I’m sitting here writing this and I need to be honest: I may need to simply love Outer Wilds from afar. For me, in my experience, the concept of Outer Wilds is #1 this year. Up there, even, in Game of the Decade discussions. But the execution glitched for me, far down, stuck in the geometry deep in the bowels of Brittle Hollow.
9. Speedruns of Death Stranding and Sekiro
Now, I’ve only played about an hour of Death Stranding myself, and I haven’t so much as touched Sekiro. But I’ve watched dozens of hours of speedruns, both while the games were brand new and runners were only just beginning to play them and figure them out, long before all the glitches and secrets and tricks have been sussed out. Watching and enjoying these games from the safe distance of my laptop screen (entirely, in the case of Sekiro), was instructive and enjoyable, and while I do plan to spend more time in Sam Porter Bridge’s America at some point in the future, I feel like I’ve gotten an incredible glimpse at what the early days of speedrunning any complex, massive game look like, firsthand, and that’s worth a spot on this list in itself.
I’m genuinely sad that more people didn’t get to play Devotion, and I still hold out hope for the game’s release again one day, because it’s a brilliant horror game in the PT/Layers of Fear tradition. It’s scary and effective, with excellent puzzles that require you to really, really delve into this history of the core family, exploring their apartment in three main scenarios, represented as years throughout the 80s. It’s about faith, ritual, sickness, fame and estrangement, and I can only hope Red Candle Games get another shot to bring it to the world.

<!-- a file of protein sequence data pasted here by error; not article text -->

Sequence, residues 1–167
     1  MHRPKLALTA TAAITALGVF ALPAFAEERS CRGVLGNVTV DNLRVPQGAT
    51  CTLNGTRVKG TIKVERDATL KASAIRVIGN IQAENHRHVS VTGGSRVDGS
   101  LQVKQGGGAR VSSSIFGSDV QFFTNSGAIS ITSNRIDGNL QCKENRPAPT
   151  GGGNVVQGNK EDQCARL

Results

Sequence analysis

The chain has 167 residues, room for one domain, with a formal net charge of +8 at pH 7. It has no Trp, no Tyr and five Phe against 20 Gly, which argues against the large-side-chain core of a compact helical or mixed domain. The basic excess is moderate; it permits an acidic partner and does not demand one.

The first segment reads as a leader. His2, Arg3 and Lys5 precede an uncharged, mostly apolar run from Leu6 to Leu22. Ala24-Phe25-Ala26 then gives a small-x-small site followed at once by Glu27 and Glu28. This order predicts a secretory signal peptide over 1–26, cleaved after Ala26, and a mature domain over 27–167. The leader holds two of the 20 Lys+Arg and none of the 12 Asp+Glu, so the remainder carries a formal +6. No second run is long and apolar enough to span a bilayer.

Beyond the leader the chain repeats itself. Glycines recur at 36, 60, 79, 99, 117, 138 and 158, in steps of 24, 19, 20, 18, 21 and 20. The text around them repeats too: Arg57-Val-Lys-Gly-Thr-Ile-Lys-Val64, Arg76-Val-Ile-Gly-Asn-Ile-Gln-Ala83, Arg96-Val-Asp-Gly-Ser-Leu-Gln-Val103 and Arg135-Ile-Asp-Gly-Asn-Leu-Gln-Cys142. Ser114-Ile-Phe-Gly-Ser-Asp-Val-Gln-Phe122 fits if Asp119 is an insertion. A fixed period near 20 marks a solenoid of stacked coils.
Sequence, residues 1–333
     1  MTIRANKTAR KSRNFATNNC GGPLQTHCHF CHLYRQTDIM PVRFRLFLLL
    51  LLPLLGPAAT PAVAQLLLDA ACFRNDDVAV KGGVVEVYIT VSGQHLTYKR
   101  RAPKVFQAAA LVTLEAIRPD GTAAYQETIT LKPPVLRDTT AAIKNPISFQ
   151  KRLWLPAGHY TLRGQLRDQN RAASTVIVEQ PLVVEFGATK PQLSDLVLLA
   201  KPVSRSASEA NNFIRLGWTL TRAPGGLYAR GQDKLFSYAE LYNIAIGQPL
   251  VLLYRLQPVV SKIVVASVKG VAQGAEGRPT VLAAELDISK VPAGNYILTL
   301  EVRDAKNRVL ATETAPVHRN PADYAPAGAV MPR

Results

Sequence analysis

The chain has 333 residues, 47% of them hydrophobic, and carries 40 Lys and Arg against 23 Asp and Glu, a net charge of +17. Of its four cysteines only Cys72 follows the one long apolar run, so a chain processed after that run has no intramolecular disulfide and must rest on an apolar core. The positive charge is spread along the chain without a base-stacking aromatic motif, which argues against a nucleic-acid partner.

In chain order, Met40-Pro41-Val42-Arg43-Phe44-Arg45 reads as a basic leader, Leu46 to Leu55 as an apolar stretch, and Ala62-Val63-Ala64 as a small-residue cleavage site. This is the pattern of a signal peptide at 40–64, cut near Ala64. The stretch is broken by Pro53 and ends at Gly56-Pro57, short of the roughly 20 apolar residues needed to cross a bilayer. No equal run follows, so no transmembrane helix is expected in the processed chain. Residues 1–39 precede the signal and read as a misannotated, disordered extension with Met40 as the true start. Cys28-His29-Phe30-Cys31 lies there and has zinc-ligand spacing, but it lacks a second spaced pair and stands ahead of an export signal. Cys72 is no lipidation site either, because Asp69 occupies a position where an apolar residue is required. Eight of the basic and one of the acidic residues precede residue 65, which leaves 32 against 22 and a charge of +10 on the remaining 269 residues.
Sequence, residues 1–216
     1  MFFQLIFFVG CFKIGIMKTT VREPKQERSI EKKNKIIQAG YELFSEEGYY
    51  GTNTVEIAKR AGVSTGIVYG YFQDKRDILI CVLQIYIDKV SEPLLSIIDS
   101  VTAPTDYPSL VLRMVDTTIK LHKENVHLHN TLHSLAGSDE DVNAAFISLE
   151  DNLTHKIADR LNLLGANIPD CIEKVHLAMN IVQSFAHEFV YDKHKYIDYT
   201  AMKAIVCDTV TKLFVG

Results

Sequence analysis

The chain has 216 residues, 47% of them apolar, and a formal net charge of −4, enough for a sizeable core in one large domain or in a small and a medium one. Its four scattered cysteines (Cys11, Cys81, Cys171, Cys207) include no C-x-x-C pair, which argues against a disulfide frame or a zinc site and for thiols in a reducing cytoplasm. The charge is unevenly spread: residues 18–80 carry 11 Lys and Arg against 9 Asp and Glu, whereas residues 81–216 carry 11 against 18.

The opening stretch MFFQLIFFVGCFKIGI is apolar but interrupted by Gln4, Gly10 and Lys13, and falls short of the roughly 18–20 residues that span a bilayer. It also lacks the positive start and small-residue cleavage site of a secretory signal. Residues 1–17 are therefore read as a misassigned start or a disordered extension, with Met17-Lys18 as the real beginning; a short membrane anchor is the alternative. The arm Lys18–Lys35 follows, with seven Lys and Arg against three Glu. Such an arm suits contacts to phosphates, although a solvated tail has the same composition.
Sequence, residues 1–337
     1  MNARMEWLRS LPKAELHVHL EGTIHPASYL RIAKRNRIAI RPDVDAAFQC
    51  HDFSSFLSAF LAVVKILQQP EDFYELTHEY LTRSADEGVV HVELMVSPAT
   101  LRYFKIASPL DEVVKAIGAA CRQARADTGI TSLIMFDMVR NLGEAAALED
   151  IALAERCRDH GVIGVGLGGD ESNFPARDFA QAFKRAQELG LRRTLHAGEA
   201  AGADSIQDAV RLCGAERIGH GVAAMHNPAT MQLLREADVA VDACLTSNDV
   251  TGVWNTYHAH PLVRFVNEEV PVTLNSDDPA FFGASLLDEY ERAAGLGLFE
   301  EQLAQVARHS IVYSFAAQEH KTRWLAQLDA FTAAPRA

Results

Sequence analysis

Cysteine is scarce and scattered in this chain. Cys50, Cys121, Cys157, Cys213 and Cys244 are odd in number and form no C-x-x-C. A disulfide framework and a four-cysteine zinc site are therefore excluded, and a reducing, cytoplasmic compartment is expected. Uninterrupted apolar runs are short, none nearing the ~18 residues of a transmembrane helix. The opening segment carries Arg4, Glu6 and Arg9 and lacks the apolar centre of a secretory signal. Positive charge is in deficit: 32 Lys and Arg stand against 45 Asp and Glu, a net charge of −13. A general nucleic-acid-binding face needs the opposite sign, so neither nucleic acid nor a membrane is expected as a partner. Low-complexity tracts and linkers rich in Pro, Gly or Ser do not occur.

7. Hypnospace Outlaw
This weird and wonderful delight combines the aesthetics of the old internet of 90s webrings and personal pages with the dystopian policies of the current day – policing content for the good of corporations, not people. In blending these values it tells a story that’s funny and ultimately sad. I’m a huge fan of creator Jay Tholen’s previous game, Dropsy, and I dig his deeply empathetic, human, colorful aesthetic throughout.
6.Anodyne 2: Return to Dust
Anodyne, a 2013 Zelda-style game that started its life as a student project – is easily one of my top ten games of the decade. It was bold and intricately designed, with plenty of imagination in its wild scenarios. Anodyne 2 has a lot of expectations to live up to, but the low-poly 3D platformer with Anodyne 1-style 2D Zelda dungeons is whimsical, caring, and yes, imaginative. I’ll play basically anything that Analgesic productions makes, and find many, many things to love.